Haikai: Comic Linked Verse

Haiku is derived from the opening verse of haikai, or "comic linked verse." As the name implies, haikai often dealt with contemporary subjects in humorous ways. One person would begin the haikai, and others would add on, creating a continuously evolving poem. Haikai was a popular social activity from the medieval period onward. In the following examples, each verse was written by a different famous poet; in Haikai #1, for instance, the three poets Bashô, Bonchô, and Kyorai took turns writing the linked poem.

"Throughout the Town" (Excerpt)

Throughout the town
above the welter of smelly things
the summer moon (Bonchô)

Throughout the town
above the welter of smelly things
How hot it is, how hot it is
says a voice at every house-gate (Bashô)

How hot it is, how hot it is
says a voice at every farm-gate
although the weeds
have not been worked a second time
the rice comes into ear (Kyorai)

Although the weeds
have not been worked a second time
the rice comes into ear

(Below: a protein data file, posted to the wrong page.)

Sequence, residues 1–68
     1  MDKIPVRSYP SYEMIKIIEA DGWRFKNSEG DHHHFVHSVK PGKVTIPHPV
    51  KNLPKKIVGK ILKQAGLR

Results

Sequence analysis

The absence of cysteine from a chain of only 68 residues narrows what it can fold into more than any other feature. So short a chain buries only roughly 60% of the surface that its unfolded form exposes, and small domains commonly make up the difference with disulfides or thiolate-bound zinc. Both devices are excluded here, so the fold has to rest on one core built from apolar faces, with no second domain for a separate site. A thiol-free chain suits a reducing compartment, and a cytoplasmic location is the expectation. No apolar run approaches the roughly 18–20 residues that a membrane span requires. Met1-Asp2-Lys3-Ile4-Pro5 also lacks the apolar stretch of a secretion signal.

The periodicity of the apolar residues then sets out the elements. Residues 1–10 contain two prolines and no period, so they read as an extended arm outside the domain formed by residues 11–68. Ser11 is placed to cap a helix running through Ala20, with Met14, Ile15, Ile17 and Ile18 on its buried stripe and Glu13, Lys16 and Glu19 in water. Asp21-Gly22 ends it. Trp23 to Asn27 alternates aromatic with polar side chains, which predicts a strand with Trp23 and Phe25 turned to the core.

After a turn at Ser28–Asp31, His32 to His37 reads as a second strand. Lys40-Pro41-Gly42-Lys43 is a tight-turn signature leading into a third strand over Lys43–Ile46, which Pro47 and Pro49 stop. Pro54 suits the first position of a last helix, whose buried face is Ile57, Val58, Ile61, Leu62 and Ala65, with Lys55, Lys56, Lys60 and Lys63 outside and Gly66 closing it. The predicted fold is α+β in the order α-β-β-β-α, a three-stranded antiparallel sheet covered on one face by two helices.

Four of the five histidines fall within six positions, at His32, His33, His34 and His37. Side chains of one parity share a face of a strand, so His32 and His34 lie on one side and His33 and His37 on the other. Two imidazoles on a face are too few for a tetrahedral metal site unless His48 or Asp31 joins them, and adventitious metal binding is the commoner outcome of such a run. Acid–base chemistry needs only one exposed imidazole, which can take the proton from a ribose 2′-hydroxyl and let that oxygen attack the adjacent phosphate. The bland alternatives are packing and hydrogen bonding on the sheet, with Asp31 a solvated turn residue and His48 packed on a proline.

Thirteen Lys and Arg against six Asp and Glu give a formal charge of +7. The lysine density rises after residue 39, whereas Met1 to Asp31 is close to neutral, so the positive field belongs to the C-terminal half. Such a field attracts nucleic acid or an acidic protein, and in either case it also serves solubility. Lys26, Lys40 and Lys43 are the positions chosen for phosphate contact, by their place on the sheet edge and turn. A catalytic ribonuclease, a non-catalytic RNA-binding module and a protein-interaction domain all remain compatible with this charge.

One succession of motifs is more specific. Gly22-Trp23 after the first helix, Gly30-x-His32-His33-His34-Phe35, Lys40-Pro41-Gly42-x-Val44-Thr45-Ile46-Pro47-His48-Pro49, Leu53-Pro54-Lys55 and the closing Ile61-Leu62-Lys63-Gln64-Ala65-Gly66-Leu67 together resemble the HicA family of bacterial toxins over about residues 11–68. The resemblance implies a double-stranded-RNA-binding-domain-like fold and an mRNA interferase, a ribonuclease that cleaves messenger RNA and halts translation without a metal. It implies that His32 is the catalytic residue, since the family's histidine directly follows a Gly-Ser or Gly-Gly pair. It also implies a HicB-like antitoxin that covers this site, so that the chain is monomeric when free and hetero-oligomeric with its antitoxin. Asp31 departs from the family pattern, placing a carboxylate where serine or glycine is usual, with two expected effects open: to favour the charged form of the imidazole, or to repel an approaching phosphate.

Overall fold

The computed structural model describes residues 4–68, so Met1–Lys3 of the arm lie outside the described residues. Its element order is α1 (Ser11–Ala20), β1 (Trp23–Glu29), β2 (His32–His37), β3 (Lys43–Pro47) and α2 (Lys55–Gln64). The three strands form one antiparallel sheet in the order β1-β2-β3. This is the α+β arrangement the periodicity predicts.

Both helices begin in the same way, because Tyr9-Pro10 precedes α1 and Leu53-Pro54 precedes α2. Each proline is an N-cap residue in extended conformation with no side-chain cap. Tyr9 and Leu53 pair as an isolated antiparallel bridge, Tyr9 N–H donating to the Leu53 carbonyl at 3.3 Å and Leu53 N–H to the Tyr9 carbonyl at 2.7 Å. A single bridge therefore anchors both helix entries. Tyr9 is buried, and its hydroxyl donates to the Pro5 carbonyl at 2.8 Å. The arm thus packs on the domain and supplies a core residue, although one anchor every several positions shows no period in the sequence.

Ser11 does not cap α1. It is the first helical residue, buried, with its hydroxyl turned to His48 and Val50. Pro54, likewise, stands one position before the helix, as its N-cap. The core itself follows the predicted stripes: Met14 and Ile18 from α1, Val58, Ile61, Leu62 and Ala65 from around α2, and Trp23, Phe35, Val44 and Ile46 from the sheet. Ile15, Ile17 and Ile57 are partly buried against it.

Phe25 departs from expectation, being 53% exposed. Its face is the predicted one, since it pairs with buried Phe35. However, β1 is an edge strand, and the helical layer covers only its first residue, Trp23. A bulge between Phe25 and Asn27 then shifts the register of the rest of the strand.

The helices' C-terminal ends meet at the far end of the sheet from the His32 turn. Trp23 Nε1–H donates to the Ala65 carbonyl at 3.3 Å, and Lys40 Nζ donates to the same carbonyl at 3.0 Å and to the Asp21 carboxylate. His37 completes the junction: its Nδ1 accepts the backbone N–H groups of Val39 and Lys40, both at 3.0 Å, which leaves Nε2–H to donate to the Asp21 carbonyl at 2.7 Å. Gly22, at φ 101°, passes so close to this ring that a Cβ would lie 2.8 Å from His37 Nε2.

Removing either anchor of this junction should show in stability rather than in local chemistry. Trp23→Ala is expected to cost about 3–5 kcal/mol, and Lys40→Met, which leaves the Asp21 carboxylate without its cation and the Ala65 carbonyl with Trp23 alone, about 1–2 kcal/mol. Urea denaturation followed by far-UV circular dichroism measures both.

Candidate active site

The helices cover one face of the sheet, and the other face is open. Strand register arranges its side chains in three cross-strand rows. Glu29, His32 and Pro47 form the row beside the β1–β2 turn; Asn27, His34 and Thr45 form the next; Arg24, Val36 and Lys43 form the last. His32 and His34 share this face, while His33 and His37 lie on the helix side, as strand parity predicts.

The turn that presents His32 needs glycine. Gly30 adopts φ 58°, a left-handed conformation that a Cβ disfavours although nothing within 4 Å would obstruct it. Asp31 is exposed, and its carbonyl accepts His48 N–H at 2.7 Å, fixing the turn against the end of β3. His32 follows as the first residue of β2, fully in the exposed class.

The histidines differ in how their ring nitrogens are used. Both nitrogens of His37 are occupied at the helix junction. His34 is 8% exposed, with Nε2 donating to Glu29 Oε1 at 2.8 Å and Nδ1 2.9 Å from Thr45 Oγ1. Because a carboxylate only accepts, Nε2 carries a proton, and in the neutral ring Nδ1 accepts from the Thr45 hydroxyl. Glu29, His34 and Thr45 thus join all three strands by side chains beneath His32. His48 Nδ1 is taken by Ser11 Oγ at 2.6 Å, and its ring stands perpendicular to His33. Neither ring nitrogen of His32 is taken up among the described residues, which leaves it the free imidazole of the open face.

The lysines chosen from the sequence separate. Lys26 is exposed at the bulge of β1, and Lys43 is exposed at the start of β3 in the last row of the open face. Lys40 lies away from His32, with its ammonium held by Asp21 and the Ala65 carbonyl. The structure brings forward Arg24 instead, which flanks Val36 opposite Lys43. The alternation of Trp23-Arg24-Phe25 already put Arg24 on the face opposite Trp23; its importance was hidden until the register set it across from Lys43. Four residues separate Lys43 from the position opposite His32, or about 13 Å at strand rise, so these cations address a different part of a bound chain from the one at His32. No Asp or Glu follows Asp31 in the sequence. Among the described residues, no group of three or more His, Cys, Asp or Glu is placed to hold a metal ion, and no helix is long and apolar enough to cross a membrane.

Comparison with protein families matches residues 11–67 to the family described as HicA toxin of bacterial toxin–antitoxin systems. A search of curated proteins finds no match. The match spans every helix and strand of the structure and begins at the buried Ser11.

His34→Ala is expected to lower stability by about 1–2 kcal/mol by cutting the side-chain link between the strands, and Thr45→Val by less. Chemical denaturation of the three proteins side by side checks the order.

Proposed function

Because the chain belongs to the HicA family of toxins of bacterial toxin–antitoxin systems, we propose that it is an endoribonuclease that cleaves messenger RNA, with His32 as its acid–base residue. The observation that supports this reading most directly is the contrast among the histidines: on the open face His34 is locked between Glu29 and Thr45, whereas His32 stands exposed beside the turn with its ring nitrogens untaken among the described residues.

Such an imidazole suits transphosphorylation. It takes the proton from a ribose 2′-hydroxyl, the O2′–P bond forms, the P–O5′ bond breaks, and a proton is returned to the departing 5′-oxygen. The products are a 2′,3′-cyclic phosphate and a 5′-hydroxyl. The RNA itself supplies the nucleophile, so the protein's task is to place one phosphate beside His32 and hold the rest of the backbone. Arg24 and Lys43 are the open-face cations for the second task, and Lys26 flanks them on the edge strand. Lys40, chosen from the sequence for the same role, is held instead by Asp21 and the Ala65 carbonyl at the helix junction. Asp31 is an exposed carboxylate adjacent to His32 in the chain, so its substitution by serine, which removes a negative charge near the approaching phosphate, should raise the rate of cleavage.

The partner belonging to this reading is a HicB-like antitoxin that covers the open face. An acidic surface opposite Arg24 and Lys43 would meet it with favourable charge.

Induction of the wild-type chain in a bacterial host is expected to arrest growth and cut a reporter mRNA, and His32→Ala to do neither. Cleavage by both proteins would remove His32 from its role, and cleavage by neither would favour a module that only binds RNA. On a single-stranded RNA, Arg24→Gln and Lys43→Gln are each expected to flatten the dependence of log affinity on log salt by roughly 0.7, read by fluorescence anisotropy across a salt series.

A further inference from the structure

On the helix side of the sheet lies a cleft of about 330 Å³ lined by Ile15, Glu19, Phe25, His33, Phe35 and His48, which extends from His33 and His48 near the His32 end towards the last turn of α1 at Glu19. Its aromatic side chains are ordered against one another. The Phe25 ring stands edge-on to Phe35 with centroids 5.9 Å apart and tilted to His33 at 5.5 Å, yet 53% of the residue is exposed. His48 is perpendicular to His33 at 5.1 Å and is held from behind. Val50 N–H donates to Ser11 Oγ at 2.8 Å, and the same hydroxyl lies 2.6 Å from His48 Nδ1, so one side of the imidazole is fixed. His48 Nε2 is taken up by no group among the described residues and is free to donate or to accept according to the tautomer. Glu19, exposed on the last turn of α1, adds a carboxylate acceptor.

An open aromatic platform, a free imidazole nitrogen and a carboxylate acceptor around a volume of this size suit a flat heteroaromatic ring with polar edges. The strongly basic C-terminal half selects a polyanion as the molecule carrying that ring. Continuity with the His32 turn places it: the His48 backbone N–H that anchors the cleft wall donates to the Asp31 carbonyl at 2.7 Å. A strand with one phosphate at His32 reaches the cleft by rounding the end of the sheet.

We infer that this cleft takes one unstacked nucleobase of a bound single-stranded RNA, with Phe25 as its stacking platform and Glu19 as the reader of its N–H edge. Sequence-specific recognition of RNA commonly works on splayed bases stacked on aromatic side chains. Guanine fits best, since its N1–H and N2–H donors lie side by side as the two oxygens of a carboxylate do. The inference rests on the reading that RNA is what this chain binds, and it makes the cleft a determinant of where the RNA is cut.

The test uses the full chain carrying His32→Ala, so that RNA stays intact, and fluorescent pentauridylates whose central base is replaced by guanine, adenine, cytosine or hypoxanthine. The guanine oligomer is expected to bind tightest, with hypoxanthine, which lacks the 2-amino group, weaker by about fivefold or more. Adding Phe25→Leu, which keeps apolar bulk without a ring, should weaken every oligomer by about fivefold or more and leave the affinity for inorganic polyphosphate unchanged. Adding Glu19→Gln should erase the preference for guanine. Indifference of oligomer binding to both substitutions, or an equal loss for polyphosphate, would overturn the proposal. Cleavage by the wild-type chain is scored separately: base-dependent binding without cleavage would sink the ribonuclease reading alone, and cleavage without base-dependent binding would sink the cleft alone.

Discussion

the charcoal ash is shaken off
the dried sardine broiled at noon (Bonchô)

the charcoal ash is shaken off
the dried sardine broiled at noon
but in this back country
the use of coins is not yet heard of
what a bother to travelers (Bashô)

[This haikai continues for a total of 36 verses]

From Japanese Linked Poetry, edited by Earl Miner (Princeton University Press, 1979), 302.

"Beneath the Boughs" (Excerpt)

Beneath the boughs
the soup with fish and vegetables
flecked with cherry petals (Bashô)

Beneath the boughs
the soup with fish and vegetables
flecked with cherry petals
the sun goes gently to the west
extending the day's fine weather (Chinseki)

the sun goes gently to the west
extending the day's fine weather
the single traveler
walks on scratching where lice bit him
as spring come to a close (Kyokusui)

the single traveler
walks on scratching where lice bit him
as spring come to a close
not yet grown used to wearing
his sword in a protective case (Bashô)

[There are a total of 36 verses in this haikai, composed in 1691]

From The Monkeys' Straw Raincoat and Other Poetry of the Bashô School, translated by Earl Miner and Hiroko Odagiri (Princeton University Press), 82.

Classroom Exercises

  1. Have each member of your group read a stanza out loud. Do you think you would find this activity an amusing way to pass the time with your friends? What word or other games might you play now that have the same effect?

  2. What happens to the poems with each stanza? How do the poems evolve?

  3. Write your own haikai. The rules are that the opening verse has to be seventeen syllables of three lines (5-7-7), the second verse fourteen syllables (7-7), and thereafter alternating verses of 5-7-7 and 7-7. Your haikai can be about any subject (usually humorous).

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